It's like driving a car. Right now we are "teaching" our 17-year old daughter how to drive a stick. She hates it (not being a naturally good driver notwithstanding) because she has to "think all the time about what to do".
Yeah, if you're behind the wheel of 3000 lbs of automobile, that's kinda important. A manual tranny can distract a new driver from other issues, but it can also inculcate the essential lesson: You are in command of this vehicle; pay attention!
I now own my first automatic car, but early habits of listening to engine RPMs, monitoring the instruments, relentlessly checking the mirrors, head-checking before lane changes, and anticipating the stupidity of others were driven into me in manual-shift cars using a big hammer. And they stuck. To the detriment of my molars, they stuck: every time I hafta drive in Colorado, my teeth hurt for days after.
I'll never be a relaxed sailor, either. Mebbe cuz I swim badly, and there's all that water right nearby. But mostly because screwups can happen so fast -- if you aren't monitoring all systems at all times, the situation can turn unrecoverable in two shakes of a lamb's tail.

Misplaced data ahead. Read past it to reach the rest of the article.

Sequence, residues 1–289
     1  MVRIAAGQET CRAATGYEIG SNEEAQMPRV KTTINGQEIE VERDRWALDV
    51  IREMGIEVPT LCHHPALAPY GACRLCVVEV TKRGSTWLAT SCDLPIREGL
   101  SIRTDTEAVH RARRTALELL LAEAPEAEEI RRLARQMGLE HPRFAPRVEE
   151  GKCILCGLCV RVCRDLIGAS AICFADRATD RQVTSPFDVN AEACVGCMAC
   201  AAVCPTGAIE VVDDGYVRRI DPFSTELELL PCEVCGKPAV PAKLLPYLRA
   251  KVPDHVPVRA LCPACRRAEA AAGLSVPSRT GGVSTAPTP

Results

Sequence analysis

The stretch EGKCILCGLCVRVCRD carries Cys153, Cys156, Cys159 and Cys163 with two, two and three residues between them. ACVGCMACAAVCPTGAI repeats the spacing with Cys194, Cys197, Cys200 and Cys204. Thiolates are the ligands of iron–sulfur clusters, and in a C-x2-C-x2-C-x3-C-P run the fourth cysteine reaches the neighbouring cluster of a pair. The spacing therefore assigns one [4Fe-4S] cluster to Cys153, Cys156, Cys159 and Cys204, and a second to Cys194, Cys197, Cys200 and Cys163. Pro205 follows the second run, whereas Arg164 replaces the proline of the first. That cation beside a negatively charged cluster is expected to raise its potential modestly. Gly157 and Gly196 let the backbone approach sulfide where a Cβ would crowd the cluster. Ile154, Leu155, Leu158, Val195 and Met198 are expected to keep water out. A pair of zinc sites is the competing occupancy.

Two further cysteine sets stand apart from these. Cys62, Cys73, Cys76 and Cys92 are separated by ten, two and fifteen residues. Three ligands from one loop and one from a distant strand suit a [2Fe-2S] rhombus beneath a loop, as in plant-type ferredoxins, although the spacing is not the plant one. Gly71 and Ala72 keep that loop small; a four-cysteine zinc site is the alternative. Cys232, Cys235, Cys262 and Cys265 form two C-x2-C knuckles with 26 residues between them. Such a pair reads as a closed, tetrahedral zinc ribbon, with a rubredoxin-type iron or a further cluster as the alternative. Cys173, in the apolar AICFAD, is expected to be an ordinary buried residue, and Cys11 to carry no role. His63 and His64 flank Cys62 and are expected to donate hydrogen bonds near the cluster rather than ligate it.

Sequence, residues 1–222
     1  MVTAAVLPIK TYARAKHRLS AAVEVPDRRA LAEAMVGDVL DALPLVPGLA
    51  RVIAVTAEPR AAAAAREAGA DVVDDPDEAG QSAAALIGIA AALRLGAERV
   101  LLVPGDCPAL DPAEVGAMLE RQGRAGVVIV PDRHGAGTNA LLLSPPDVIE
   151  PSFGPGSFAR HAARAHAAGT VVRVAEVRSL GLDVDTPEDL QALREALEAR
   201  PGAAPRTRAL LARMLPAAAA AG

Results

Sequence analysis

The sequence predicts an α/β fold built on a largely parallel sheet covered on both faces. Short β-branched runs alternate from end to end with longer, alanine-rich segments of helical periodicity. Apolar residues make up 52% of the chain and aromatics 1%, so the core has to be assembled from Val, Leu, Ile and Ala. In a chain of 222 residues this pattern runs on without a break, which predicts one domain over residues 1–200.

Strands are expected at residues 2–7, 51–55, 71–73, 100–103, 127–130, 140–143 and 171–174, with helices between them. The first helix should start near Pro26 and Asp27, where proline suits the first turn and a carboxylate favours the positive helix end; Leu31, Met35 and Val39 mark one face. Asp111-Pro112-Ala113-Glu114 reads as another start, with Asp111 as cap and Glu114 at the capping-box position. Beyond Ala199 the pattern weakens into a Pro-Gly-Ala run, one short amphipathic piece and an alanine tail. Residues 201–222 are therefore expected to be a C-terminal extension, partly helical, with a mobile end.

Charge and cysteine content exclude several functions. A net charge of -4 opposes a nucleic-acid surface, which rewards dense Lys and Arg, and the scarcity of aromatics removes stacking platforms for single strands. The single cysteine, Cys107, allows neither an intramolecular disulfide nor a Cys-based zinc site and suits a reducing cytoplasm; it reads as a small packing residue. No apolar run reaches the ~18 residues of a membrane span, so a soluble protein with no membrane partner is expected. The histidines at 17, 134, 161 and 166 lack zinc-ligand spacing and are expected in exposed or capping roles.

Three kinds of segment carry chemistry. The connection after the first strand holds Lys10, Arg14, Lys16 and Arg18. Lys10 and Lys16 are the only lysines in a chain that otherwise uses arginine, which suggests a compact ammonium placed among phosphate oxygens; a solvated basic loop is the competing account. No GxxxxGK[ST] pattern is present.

One habit I have cultivated is dividing my attention. It's like having a systems monitor running in a background Window(tm) of your computer. Split off some portion of the brain to keep up with essential systems; the rest is free to watch YouTube videos, or similar. Most of your brain is thinking, "Hey, what a gorgeous day, this is a great song!, I wonder what bird that is?"; 10% of your brain is thinking, "Hmmm, wind is starting to swing around, could be rocks off that point, does that idiot speedboat even see me?"
That habit probably amounts to a brain pathology, but it made me a pretty safe climbing partner and has me still counting decimally in the woodshop.